Human beings have always been fascinated by the sky, and for good reason. Until very recently in our history, the sky served countless invaluable functions. The sky was our calendar and our clock, our GPS system, our television, and more.
Some of the world’s most well-known landmarks are either known or believed to have been observatories, helping pre-modern humans to better understand the celestial world, and thereby, their own: Macchu Pichu, Newgrange, Easter Island, Chaco Canyon, Angkor Wat, Stonehenge, Manhattan …
That’s right, the island borough’s famous grid plan layout can serve as a modern-day celestial calendar. A few times each year, the sunrises and sunsets line up perfectly with the city’s east-west oriented streets so that the blazing ball of the sun is framed by skyscrapers and tenements as it dips below or rises above the horizon.
What is Manhattanhenge?
The phenomenon is popularly known as Manhattanhenge, a term that was recently popularized by renowned astrophysicist Neil deGrasse Tyson. The term is a nod to Stonehenge, a prehistoric observatory located in Wiltshire, England. Stonehenge consists of a circle of massive slabs of stacked stone. An outlying stone, known as the Heel Stone, sits so the its tip aligns with the rising sun on the summer solstice.
Ironically, the term “henge” from the name Stonehenge has nothing to do with astronomy. It’s an ancient precursor to our word “hinge,” and refers to a place where two things join together. Stonehenge, then, means something like “the place where all those stones are stacked together.”
The colloquial usage of “henge” to refer to any place where the rising or setting sun lines up with the surrounding architecture has since spread. Although Manhattanhenge is perhaps one of the most dramatic displays of the phenomenon, due to its location on the Atlantic seaboard, other communities built on grid plans boast their own “henges.” There’s Chicagohenge, Torontohenge, Montrealhenge, and even MIThenge at the Massachusetts Institute of Technology (which may actually have preceded Manhattanhenge as the first modern usage of the term).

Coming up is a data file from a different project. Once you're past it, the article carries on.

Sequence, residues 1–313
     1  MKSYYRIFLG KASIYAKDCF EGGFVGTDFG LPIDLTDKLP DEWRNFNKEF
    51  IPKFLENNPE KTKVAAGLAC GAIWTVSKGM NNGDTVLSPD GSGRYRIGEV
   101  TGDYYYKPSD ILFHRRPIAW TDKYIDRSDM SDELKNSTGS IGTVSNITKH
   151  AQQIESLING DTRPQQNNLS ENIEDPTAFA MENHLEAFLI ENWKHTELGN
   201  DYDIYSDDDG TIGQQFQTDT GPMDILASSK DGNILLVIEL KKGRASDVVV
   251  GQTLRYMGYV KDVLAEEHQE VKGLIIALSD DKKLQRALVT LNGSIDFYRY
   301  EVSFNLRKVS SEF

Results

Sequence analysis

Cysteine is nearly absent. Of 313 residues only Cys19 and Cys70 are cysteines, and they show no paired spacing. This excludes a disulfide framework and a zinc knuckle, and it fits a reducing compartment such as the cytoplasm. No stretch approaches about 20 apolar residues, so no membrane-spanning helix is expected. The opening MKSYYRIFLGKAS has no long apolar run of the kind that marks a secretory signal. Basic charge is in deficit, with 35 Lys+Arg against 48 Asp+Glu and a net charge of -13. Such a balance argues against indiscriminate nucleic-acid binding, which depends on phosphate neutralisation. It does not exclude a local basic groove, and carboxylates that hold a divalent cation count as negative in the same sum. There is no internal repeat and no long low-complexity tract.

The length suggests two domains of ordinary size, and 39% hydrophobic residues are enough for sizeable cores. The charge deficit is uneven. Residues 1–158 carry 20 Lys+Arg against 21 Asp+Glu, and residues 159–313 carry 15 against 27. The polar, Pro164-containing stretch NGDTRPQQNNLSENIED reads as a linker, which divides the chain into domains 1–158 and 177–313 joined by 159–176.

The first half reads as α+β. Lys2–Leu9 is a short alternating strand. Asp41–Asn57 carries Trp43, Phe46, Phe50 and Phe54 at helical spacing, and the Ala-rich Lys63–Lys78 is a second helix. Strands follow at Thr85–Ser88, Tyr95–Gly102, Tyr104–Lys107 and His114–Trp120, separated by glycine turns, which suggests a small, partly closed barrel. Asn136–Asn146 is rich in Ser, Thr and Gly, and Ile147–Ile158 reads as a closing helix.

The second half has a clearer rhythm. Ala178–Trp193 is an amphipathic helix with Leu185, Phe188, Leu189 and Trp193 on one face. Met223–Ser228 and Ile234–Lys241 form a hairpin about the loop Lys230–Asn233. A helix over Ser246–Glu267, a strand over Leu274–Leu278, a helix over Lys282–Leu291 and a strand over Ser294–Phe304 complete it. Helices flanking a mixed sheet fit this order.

What Causes the Manhattanhenge Phenomenon?
Most of Manhattan’s east-west streets are aligned at about a 29° angle clockwise from true east-west. So, twice each year, a couple of weeks before and a couple of weeks after the summer solstice, when the azimuth for sunset is 29° northward of due west, the setting sun aligns with the east-west streets at the moment it sits on the horizon. This is known as Half Sun Manhattanhenge, because half of the sun is below the horizon.
The exact date of the Manhattanhenges varies each year, depending on the date of the summer solstice, but they usually fall around May 28th and July 12th.
A similar phenomenon happens near the winter solstice, usually around December 5th and January 8th, but with the rising sun instead of the setting sun. The summer Manhattanhenge events get more attention, in part because more people are outdoors in the summertime, and in part because more people are awake during sunset than sunrise.
Also of note is the Full Sun Manhattanhenge, during which the full ball of the sun, sitting low above the horizon, is framed by the city’s structures. Full Sun Manhattanhenges usually take place a day or two after the May Half Sun Manhattanhenge, and a day or two before the July Half Sun Manhattanhenge.
Full Sun Manahttanhenges are generally seen to be the more exciting events, and draw more attention.
Manhattanhenge Dates for 2018:
Tuesday, May 29th at 8:13 p.m. EDT, you will see a “half sun” — that is, half above and half below the landscape.
Wednesday, May 30th at 8:12 p.m. EDT, you will see a “full sun,” with the entire solar disk resting above the horizon.
If you miss out in May, you’ll get a second chance in July, on the 12th and 13th. On the first July date, a “full sun” will appear at 8:20 p.m. EDT, while on the second date, we get the “half sun” effect at 8:21 p.m. EDT.
The best streets to capture the event are the larger cross streets that ensure the best views of the west-northwest horizon (toward New Jersey), including 14th, 23rd, 34th, 42nd, and 57th. Neil DeGrasse Tyson notes, “The Empire State Building and the Chrysler Building render 34th Street and 42nd Street especially striking vistas.”
If you plan on visiting Manhattan and capture a Manhattanhenge photo, share it with us on our Facebook page or tag us on Instagram @FarmersAlmanac!
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